Ganong Bros.

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Ganong Bros., Limited
Privately held company
Founded 1873
Founder Gilbert W. Ganong &
James H. Ganong
Headquarters One Chocolate Drive
St. Stephen
New Brunswick
Number of locations
Moncton, New Brunswick
Toronto, Ontario
Vancouver, British Columbia
Key people
David A. Ganong, David Pigott, Marc Lefebvre
Products confectionery
The old Ganong factory has become the Chocolate Museum, where one can learn about the history of Ganong Brothers.
The new Ganong factory opened in 1990, located appropriately on "Chocolate Drive"
The new factory as it appeared in 2006

Ganong Bros., Limited is Canada's oldest candy company. It was founded by James and Gilbert Ganong in 1873 in St. Stephen, New Brunswick, where it remains. Primarily a producer of boxed chocolates, it now provides many chocolates for Laura Secord stores.


The Ganongs were descendants of Huguenots who fled persecution in France and emigrated to New Amsterdam in the second half of the 17th century, the family name "Ganong" is a corruption of the original French language name, "Guenon".

Ganong Bros. Limited has been one of the Canadian chocolate industry's most important companies. Arthur Ganong was the first to make any sort of a wrapped chocolate bar; Ganong began selling the first chocolate bars in 1910. In 1920 they began using the brand name "Pal-o-Mine" for their chocolate bar.

The company also was the first to introduce a heart-shaped box of chocolates in North America. The heart-shaped boxes were originally used for presents over the Christmas season before it also succeeded around Valentine's Day.[1]

In 1911, Ganong Bros. purchased the bankrupt White Candy Company in Saint John, New Brunswick and operated a factory there until 1931. In 1988, due to the rising costs of production, a plant was built in Bangkok, Thailand, due to lower labor costs and the close proximity to raw ingredients, and equipment from the St. Stephen factory was shipped there. The majority of the products from this factory is shipped to Canada.[2] In 1990, a new factory was opened on Chocolate Drive, St. Stephen and continues to produce to this day. The old factory eventually became the Chocolate Museum.


In 2008, for the first time in its history, Ganong selected a president and CEO from outside the family. Doug Ettinger, who had been a senior executive in the food industry for 20 years, was approved by the Ganong board of directors as the top executive of Canada’s oldest candy company.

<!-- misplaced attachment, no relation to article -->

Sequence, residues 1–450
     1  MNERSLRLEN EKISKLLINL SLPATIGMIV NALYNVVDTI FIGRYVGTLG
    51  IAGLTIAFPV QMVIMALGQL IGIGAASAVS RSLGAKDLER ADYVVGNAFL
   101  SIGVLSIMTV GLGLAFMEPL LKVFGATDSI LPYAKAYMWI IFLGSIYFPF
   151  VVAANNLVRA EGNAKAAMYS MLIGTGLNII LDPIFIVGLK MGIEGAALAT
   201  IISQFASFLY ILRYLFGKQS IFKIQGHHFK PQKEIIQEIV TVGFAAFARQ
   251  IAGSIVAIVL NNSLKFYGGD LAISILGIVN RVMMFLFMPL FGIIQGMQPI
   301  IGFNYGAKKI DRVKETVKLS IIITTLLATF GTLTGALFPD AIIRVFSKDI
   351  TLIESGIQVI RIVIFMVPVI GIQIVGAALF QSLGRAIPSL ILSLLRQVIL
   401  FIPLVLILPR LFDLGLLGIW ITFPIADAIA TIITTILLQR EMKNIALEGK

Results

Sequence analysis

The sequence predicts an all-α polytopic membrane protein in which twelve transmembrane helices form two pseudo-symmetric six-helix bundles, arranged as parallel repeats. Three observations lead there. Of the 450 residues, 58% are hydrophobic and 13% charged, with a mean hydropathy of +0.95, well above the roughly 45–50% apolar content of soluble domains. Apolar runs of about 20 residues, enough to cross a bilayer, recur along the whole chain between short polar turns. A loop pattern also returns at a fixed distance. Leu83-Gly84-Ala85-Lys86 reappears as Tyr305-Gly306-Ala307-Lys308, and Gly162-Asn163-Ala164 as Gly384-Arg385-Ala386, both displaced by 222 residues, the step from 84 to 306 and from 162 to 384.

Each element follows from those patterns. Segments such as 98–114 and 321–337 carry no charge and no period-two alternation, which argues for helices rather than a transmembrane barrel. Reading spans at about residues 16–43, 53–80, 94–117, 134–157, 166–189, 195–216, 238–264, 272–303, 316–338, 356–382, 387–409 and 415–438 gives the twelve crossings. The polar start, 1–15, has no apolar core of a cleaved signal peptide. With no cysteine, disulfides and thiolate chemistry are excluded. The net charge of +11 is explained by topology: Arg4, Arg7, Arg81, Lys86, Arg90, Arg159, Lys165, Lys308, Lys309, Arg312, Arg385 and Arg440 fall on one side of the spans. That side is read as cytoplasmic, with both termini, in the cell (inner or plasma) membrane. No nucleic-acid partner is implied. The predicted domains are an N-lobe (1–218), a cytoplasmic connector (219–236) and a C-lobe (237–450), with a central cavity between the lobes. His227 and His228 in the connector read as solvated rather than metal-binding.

In 2015, the first female CEO was appointed: Bryana Ganong, part of the fifth generation of Ganongs. David Ganong maintains an advisory role on the company’s board and remains the controlling shareholder.[3]

Company heads

Chocolate Museum[edit]

Ganong's long history is showcased at its Chocolate Museum (Fr:Le Musée du Chocolat) which opened in 1999 in their old factory building in St. Stephen, New Brunswick. Exhibits describe the Ganong brothers and the company, and include hands-on and interactive displays about the process of making chocolate and candies historically and currently, and a display of historic chocolate boxes and antique candy-making equipment. Visitors can also taste chocolate samples. The building also houses the Ganong Chocolatier company store.

In conjunction with the community, the museum co-hosts the St. Stephen Chocolate Festival, which has been held since 1985.[4] In 2000 the town was registered as "Canada's Chocolate Town".


  • Chicken Bone—Created in 1885. Dark chocolate surrounded by cinnamon flavored candy.
  • Delecto—Created in 1917. Boxed chocolates.
  • Pal-o-Mine, a soft fudge, coconut and peanut bar covered in dark chocolate introduced in 1920 and still being made today, is Ganong's oldest product.
  • Red Wrap—Originally, a 5 lb box of assorted milk and dark chocolates. Usually available during the Christmas season.
  • Sunkist—Since 1997, Ganong is the official licensee for Sunkist fruit products.

See also[edit]


  1. ^ "Ganong Chocolate Factory". 
  2. ^ Candymaking in Canada, David Carr, p. 106-107, The Dundurn Group, 2003.
  3. ^ N.B. candy company to select boss outside family for first time
  4. ^ "Archived copy". Archived from the original on 2009-09-03. Retrieved 2009-12-08. 

External links[edit]